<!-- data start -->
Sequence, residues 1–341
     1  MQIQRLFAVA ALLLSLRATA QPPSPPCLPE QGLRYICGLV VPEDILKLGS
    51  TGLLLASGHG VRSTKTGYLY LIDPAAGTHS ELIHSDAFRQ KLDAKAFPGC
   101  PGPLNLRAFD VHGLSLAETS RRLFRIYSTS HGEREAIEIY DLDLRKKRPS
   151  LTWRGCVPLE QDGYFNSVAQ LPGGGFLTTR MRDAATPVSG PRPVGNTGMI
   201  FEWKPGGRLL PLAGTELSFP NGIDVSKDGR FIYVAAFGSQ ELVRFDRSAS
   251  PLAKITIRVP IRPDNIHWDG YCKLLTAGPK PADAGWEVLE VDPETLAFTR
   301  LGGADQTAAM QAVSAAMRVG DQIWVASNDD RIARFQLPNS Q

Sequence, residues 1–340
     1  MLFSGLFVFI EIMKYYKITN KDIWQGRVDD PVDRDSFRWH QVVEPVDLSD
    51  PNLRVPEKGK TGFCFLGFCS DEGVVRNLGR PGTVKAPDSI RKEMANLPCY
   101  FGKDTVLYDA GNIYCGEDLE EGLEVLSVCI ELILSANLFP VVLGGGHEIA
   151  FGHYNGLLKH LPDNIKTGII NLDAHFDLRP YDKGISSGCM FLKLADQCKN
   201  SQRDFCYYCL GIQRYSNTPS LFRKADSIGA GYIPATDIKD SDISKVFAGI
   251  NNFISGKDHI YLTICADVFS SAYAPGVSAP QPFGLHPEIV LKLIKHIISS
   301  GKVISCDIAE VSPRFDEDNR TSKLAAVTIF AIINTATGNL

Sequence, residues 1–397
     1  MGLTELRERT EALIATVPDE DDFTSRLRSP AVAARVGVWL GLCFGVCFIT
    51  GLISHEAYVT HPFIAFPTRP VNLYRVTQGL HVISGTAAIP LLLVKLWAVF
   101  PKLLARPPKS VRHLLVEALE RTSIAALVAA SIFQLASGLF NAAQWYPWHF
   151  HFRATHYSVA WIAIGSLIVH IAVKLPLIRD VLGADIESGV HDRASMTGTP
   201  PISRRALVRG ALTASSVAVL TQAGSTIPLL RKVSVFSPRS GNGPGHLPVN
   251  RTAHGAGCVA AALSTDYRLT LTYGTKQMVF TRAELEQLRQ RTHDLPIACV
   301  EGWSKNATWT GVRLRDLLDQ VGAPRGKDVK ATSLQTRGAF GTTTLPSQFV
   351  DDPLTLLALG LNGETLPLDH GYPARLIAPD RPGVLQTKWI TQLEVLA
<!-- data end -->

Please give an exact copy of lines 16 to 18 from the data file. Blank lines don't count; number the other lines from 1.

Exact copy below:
   301  GKVISCDIAE VSPRFDEDNR TSKLAAVTIF AIINTATGNL

Sequence, residues 1–397
     1  MGLTELRERT EALIATVPDE DDFTSRLRSP AVAARVGVWL GLCFGVCFIT